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This Auckland

This Auckland

The city that could and should be great, and sometimes is, but far too often isn’t.

 

Friday night a couple of weeks back, it really rained. And there was poor, hapless, heroic Keven Mealamu, the buzz-topped toad, playing his last game for the Blues, defending the goal-line with his teammates against wave after wave of inspired Highlanders, the rain sweeping into their faces like a curse. It was a battle where everyone knew that all the valour in the world would not save them. It was Game of Thrones, and there should have been a bonfire in the middle, and instead of the loyal Kevvie trudging to his assassination, they should have had the members of the Blues board all tied to stakes in the fire.

Auckland, eh. It tries the patience, doesn’t it? The next day, council “design champion” Ludo Campbell-Reid was tweeting that he couldn’t imagine driverless cars in Auckland, which was like, I bet he couldn’t imagine iPads either, not so long ago, but it doesn’t mean they won’t happen. And the roads lobby was arguing for more roads because the economy suffers when trucks get stuck in traffic, which sounds logical but isn’t.

Once more: if we build more roads they will get clogged with more cars, but when we build a proper rapid-transit network it will ease pressure on the roads, for trucks and for everyone else who needs or wants to use them. The roads lobby should be the city’s biggest champion of rapid transit, not its enemy (public transport advocate Patrick Reynolds has more on this in the new issue). And Housing Minister Nick Smith spent the day wittering about houses at Hobsonville Point, as if he really is in control of the housing crisis.

Auckland. You get up every day in this glorious city and there are always people who should know better rooting around in a mud of stupidity. But the sun shines on the harbour, the trees glow in the sun and glisten in the rain, and there’s inspiration to be found all over the place. I had stingray for dinner that night at IKA (for my review, see the new issue), and it was superb. And I had just the best time at the final of the Michael Hill International Violin Competition.

A near-full town hall, the crowd all incredibly excited — honestly, the arts should learn from sport and turn shows into competitions more often. The first finalist was so good I thought the others would surely struggle. Then the second stepped up, stuck her violin under her chin, gazed sharply at the conductor and went to work on Brahms.

It was like war made magnificent: beauty, bending the world to its will. She pitched herself into the long solo piece in the first movement, the magnificent APO willing her on, and reached such great lyric heights I wanted to leap to my feet, stomping and shouting. Of course, one doesn’t do that with classical music, even at a competition put on by Michael Hill. I sat happy in my seat instead.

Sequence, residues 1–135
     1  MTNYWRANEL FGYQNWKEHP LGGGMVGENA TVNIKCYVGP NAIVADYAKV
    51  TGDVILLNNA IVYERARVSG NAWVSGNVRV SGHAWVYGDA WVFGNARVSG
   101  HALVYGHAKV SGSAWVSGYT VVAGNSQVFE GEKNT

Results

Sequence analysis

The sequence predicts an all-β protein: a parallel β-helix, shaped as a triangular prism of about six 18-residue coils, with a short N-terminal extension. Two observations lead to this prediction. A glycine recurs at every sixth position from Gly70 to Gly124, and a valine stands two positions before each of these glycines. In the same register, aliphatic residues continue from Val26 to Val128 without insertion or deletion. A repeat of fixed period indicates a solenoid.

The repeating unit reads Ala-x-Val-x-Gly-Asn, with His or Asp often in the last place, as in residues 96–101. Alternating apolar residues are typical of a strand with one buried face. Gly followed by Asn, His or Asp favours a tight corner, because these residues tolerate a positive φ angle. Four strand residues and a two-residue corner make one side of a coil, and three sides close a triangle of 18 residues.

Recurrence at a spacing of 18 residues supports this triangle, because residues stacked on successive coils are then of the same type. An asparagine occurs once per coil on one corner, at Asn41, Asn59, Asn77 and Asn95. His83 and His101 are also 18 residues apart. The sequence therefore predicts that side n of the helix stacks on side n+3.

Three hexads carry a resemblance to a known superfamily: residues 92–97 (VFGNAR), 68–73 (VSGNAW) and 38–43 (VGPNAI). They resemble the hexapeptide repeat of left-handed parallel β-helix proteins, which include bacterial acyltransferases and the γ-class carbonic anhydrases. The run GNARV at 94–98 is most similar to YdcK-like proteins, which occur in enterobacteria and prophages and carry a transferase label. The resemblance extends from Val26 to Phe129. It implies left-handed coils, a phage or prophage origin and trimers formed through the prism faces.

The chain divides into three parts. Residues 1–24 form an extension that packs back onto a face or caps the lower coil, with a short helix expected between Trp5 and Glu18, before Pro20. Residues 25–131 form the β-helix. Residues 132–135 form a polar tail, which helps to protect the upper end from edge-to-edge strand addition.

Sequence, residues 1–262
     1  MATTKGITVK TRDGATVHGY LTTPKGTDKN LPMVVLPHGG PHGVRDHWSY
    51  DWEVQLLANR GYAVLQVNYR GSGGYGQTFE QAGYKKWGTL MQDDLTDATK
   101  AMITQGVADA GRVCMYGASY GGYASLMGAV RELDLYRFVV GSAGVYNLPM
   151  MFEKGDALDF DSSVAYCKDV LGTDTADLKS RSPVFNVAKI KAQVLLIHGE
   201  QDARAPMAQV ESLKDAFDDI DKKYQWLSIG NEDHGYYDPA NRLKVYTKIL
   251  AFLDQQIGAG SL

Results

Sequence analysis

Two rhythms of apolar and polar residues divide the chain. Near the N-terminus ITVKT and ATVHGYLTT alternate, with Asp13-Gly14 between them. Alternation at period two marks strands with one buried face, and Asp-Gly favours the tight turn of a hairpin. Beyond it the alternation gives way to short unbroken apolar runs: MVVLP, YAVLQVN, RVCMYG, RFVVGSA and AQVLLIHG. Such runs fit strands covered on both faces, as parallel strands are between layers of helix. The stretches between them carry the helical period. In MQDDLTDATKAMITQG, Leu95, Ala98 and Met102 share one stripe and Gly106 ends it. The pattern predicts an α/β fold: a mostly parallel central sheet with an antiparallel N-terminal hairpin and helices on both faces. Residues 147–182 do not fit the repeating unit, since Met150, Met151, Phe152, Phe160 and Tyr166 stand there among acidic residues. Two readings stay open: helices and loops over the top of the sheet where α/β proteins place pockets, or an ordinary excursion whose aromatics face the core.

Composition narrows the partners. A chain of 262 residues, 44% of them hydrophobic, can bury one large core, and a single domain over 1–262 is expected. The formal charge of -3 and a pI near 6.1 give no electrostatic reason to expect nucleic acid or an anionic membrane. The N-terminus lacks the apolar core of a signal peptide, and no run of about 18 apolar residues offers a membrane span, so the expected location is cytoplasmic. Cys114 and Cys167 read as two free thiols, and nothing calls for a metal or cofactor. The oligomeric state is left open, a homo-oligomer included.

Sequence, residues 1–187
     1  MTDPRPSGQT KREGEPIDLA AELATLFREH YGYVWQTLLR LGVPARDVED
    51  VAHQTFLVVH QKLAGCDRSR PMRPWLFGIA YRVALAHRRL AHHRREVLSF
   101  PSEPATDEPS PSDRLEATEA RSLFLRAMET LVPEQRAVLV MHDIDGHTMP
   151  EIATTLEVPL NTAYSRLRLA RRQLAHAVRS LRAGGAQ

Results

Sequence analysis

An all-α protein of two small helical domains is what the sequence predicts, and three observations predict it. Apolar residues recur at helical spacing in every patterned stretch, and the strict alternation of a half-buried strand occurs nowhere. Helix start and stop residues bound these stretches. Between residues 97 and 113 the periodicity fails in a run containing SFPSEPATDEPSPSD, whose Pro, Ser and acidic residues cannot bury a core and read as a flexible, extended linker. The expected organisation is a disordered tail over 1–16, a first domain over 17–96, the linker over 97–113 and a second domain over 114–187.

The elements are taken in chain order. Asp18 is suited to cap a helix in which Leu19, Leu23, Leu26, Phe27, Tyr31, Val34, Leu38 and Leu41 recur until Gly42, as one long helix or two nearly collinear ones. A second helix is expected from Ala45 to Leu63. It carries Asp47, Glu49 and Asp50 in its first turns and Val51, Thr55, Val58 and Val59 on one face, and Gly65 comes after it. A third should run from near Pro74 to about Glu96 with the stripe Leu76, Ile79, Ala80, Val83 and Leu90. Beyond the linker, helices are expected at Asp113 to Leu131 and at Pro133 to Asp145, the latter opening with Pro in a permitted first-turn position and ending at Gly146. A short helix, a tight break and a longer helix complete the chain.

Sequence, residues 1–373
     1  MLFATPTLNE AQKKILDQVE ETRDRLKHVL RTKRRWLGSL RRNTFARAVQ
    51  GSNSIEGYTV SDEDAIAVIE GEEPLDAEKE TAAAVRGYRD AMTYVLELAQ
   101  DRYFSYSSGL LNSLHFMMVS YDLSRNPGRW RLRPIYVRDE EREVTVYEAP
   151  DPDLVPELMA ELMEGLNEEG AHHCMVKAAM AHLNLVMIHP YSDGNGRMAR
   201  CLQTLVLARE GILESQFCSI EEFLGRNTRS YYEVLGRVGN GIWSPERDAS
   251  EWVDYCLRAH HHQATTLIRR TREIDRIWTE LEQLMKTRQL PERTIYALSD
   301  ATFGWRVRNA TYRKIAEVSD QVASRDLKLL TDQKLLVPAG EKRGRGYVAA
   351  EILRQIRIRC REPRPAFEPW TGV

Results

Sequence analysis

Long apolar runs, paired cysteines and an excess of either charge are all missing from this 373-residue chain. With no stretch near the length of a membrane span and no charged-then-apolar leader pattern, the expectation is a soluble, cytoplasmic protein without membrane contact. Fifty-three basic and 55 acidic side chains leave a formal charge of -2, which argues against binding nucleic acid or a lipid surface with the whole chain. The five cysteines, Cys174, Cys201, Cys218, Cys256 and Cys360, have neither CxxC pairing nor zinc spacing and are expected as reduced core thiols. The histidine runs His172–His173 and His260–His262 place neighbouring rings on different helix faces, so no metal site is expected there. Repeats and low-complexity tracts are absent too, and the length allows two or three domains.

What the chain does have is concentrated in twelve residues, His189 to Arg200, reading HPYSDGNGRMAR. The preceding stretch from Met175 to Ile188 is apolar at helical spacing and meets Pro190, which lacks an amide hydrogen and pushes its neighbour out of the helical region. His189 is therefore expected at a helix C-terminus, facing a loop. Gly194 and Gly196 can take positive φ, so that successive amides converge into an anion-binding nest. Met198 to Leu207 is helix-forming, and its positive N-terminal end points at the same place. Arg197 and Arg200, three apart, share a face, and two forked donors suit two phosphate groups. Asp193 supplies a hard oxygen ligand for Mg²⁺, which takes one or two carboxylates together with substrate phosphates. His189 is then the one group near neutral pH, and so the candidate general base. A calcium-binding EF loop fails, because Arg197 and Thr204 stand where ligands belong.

She was like a cricketer in the zone, playing with more time than everyone else as she slid and swung and soared her way through the work. In the third movement, she even rolled her shoulders at one point, with the nonchalance of someone who totally owns it. Eunae Koh, of South Korea. How I applauded.

She didn’t win. What would I know? Our critic David Larsen, who actually does know about these things, was there, and you can read his possibly more persuasive account in the new issue. I enjoyed Michael Hill, too. In his mid-70s now, he came on stage in a rakishly open-necked white shirt and the tightest pair of black jeans I’ve ever seen on a man, and he made a speech about inspiration and goals. He went on and on. He’s not a speechmaker, really he’s not. But he’d earned the right. Hill is a great philanthropist, and he did a great thing for this city with that competition, and I applaud him too.

 

Auckland, eh. It can be good, but it isn’t good enough. There are three things to know right now.

1. By the end of 2016, even if the Auckland Housing Accord plan is fully implemented — which is not happening yet — we will be 26,500 homes short. Excess demand will keep prices rising sharply and the economy distorted badly by all the investment sucked into housing.

The only reason this is not being treated as a catastrophe is that politicians believe Auckland home-owners who can pay their mortgages will vote for them if they do nothing about it.

2. Unless we develop rapid transit — that’s the electrified underground City Rail Link, modern trams and better bus systems on some routes — it will not be long before nose-to-tail buses clog up some of the arterial routes leading into town, as well as Symonds St and other city streets like those around Britomart.

Road users — the people who want to stay in their cars — should pay a big part of the cost to fix this, because they will benefit the most.

3. The New Zealand International Film Festival starts on July 16. We’re sponsoring a film in which Colin Farrell has to decide if he wants to turn into a lobster. You want to see that, don’t you?

The film festival: it’s when you go to something that might be a bit weird because it could turn out to be bloody wonderful. At the splendid, splendid Civic (more on that, you guessed it, in the new issue).

Auckland. Worth the battle, and full of rewards.

 

This editorial appears in the July/August issue of Metro, on sale now.

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